James Clark, owner of Eel Etc. on Beale Street, is more of a college hoops fan than he is a football fan. He was clueless about what ESPN’s College GameDay is, let alone what it will mean for his business to have America’s top pregame program broadcasting live just down the street.
“Everybody I talk to says it’s going to be big,” said Clark, who specializes in headwear and designer clothes. “I got stuff to sell them, I just need ‘em to come this far down the street.”
It’s amazing that something that almost didn’t happen is now all coming together so fast. It’s no stretch to say that a missed field goal set this chain of events in motion. It was a botched kick that gave the University of Memphis Tigers a narrow 42-41 win over the University of Tulsa.
“If we lost that game, (College GameDay anchor) Rece Davis had already come out and said they weren’t coming,” said Jon Shivers of the Beale Street Management Association. “They waited until late Saturday before even deciding they were going to come to Memphis to take a look.”
Things moved quickly from there. An ESPN team landed on Sunday, met with Memphis officials on Beale Street Monday morning, Shivers said.
“Literally, we were on the street (Monday morning) at 8 o’clock, hashing out details,” Shivers said. “They had a brainstorm and then they came back and said ‘We’re in.’”
— College GameDay (@CollegeGameDay) October 28, 2019
The show, which runs from 8-11 a.m., and will broadcast from the intersection of B.B. King (Third) and Beale, with the hosts facing the eastern end of Beale Street. Later that night, the Tigers will take on Southern Methodist University in a high-stakes game for the American Athletic Conference.
“It is truly amazing and historic that ESPN’s College GameDay is coming to Memphis,” said Laird Veatch, Director of Athletics, in a statement. “This weekend is a celebration for all of Memphis. It doesn’t get any better than this. Go Tigers!”
On Twitter, Memphis Mayor Jim Strickland issued the customary challenge to Dallas Mayor Eric Johnson:
— Mayor Jim Strickland (@MayorMemphis) October 28, 2019
Shivers said he’d just come off vacation into the firestorm. He looked visibly tired as he paused from sorting logistics to speak with TSD reporters.
“Man, everything goes into this – from parking to security to the logistics of working with ESPN,” he said. “Staging, lighting, generators, bleachers . . . . there’s a whole bunch of stuff that goes into it.”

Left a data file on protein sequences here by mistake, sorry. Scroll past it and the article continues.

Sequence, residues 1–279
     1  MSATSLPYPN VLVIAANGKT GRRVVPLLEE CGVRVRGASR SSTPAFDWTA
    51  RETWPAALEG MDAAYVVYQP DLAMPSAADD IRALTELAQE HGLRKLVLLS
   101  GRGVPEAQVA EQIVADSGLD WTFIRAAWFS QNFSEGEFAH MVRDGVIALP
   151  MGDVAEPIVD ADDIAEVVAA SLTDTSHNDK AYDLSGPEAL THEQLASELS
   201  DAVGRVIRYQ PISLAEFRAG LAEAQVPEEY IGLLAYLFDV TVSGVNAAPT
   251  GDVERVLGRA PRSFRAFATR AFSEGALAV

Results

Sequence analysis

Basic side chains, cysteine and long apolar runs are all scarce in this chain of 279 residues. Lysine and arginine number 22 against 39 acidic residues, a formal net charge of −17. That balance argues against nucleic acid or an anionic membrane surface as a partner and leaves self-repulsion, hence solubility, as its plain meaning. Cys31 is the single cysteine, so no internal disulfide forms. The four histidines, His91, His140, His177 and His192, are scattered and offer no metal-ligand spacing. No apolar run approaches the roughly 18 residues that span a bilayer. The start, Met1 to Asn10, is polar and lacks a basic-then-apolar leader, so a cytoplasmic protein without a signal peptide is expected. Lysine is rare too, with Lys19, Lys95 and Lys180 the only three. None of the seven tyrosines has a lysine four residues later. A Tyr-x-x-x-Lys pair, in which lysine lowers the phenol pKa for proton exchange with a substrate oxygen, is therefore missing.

It certainly won’t be business as usual on Beale, which usually hasn’t even hit the snooze button by 8 a.m. on Saturday morning. But with “The Pit” – the audience area – opening as early as 5:30 a.m., downtown will be bustling with people and activity.
Back at Eel Etc., Clark is planning to open early to take advantage – now that he knows about it.
“Man, I’m gonna have it looking like a festival out here,” said Clark, describing an outdoor display he’s planning. “I gotta do it. If they put the moon up there, my job is to figure out how to sell a ticket to the moon – from right here.”
Next door, at the Withers Museum and Gallery, they’re still deciding what adjustments to make, if any. It’s probably a safe assumption that most football fans won’t be taking in a tour of historic African American photography on a game day.
“All the bars are on (the West end) of Beale. They want to sit down, they want to watch the game,” said Jazmin Withers, director of marketing and communications at the gallery. “We do get a special crowd. Of course, we get the traffic from people parking at Fourth and Beale, but we are a specialized museum and gallery. So it takes a special type of guest.”
Tater Red’s is in that West Beale Street area. Usually, the souvenir and gift shop opens at 10 a.m. but Saturday, it’ll be 6 a.m. And owner Leo “Tater Red” Allred is even planning to offer breakfast items.
“I hope I can find a parking space,” Allred said, referring to the reserved space he pays for but hopes is still there Saturday morning. “I would like to see Memphis in May numbers. But it’s only going to go until like noon, and then it’s going to dissipate really fast because they’re all gonna go to the stadium.
“So we’re hoping to have a really good day by noon,” he said. “And then the rest of day is, you know, gravy.”
Shivers struggled to think of a comparison event. Crowds are big on Beale for Memphis in May, but it’s not shoulder-to-shoulder at 7 a.m. on a Saturday morning either. And lest we forget: it is a television production.
“Closest I can think of was when we did Good Morning America back in (2008) when Justin Timberlake came out with a new album,” Shivers said. “We did it once before. But other than that, this is like nothing we’ve done before – this early in the morning, with millions of viewers nationally and then having thousands of people on the street that early in the morning, ready to go, ready to see the broadcast.
“I’m tired already,” Shivers said. “But we’re gonna make it.”